Global Asset Allocation Team Market Update – September 2023
Extreme optimism throughout 2023 gave way to growing skepticism in August as investors contemplated the trajectory for monetary policy. Volatility resurfaced and most asset classes ended the month lower as the higher-for-longer interest rate narrative took hold following data that showed ongoing resilience in the US economy. Meanwhile, Chair Powell struck a balanced tone in his Jackson Hole appearance. He repeated that officials are “prepared to raise rates further if appropriate” but stressed that the central bank would “proceed carefully” and would be guided by the economic data. On the latter, the risk-off mood subsided towards month-end after a series of softer US economic data revived wagers that the Federal Reserve is done raising rates, which buttressed both stock and bond markets towards month-end and tempered some of their earlier losses.
Global equity markets ended the month lower as the sharp backup in global bond yields sapped risk appetite and weighed on stock market valuations. The MSCI All Country World slid by 3.0% in August. Regionally speaking, all major benchmarks we track generated losses last month. The S&P/TSX (-1.6%) outperformed its global peers given a solid gain in the heavyweight energy sector. The S&P 500 wasn’t far behind and retreated 1.8%, marking its first monthly decline since February. Elsewhere, the MSCI EAFE fell by 4.1%, while the MSCI gauge of emerging market stocks tumbled by 6.4%, led by China (-9.0%) as ongoing signs of a deteriorating economy were met with a lacklustre policy response.
Fixed income markets failed to act as a safe haven and also generated negative results in August. Global bond yields extended their upward climb as robust economic data challenged the view that central banks rates are peaking. Treasuries were a key driver of the global debt selloff as ongoing resilience in the US economy defied expectations that cumulative rate hikes would bring on a recession. As the macroeconomic narrative shifted away from recession, investor sentiment also swung back in favor of rates needing to stay higher for longer. Treasuries also came under pressure on expectations the US government will issue more bonds to plug widening federal deficits. On the latter, the surprise decision by Fitch Ratings to strip the United States of its AAA credit ranking in early August put a spotlight on the country’s booming fiscal deficits. For the month, the FTSE Canada Bond Universe slipped by 0.2%, while the Barclays US Aggregate Bond Index shed 0.6%.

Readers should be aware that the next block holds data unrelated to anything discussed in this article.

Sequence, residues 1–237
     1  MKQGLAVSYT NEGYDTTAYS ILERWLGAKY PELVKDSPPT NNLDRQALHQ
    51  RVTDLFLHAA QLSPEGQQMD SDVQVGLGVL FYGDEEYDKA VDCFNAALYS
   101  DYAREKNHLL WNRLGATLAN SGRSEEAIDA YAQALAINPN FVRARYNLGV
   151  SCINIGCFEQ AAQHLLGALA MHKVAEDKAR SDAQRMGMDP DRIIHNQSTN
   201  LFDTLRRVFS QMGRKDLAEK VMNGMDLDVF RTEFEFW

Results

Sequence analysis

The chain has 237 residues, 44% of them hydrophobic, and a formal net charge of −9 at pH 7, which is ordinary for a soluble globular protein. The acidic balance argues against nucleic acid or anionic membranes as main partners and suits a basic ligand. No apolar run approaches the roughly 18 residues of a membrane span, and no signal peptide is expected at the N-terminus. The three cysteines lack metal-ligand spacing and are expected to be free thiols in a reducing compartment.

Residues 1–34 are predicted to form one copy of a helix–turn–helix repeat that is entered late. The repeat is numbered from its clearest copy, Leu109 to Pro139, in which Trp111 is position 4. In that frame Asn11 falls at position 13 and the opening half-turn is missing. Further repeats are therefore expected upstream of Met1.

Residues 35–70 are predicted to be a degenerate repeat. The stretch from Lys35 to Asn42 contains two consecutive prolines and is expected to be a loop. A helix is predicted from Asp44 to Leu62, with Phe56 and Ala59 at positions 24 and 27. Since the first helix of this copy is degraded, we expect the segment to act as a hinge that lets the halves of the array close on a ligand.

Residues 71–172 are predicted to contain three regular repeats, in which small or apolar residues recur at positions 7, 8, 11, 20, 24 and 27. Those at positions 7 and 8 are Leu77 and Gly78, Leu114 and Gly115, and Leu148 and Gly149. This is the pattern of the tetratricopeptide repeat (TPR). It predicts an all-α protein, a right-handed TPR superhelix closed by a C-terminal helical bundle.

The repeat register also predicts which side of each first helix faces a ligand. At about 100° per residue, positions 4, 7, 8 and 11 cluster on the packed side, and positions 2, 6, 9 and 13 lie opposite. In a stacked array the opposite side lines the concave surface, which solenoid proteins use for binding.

The US dollar advanced as investors braced for an environment of higher interest rates for longer than previously thought. The greenback was stronger against all of its major trading peers, with the Canadian dollar (-2.4%), euro (-1.4%), pound (-1.3%), and yen (-2.2%) all depreciating last month.
In commodity markets, crude oil managed to buck the global trend and gained for a third straight month after OPEC+ heavyweights Saudi Arabia and Russia extended production cuts and as US stockpiles sank, providing further evidence of a tightening physical market. Gold retreated on the back of surging US treasury yields that dampened the appeal of non-interest-bearing bullion – while copper stumbled lower amid fears about the outlook for growth and demand in top-consuming China.